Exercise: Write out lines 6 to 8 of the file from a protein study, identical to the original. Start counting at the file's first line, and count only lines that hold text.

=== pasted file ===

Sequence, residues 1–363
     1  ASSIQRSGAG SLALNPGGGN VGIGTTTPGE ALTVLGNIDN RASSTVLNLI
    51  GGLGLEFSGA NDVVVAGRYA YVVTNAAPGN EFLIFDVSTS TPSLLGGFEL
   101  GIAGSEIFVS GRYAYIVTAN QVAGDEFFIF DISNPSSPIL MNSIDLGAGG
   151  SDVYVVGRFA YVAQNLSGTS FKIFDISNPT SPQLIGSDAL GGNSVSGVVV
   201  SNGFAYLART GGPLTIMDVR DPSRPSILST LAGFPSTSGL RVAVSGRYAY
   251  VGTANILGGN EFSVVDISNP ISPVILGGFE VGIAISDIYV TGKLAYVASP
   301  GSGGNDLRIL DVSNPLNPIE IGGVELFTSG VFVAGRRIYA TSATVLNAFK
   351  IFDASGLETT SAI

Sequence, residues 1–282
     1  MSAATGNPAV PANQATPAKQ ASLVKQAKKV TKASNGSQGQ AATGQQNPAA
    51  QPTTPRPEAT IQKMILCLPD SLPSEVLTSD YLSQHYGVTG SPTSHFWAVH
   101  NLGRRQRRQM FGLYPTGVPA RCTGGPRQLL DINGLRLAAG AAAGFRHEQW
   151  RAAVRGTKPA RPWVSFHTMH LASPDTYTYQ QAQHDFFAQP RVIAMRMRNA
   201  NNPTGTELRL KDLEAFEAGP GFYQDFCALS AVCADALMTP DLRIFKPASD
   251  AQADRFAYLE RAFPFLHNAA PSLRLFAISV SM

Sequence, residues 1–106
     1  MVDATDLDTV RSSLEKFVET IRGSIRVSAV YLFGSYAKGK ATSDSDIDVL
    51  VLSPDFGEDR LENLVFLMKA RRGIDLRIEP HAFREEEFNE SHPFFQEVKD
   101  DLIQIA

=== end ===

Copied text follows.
   201  SNGFAYLART GGPLTIMDVR DPSRPSILST LAGFPSTSGL RVAVSGRYAY
   251  VGTANILGGN EFSVVDISNP ISPVILGGFE VGIAISDIYV TGKLAYVASP
   301  GSGGNDLRIL DVSNPLNPIE IGGVELFTSG VFVAGRRIYA TSATVLNAFK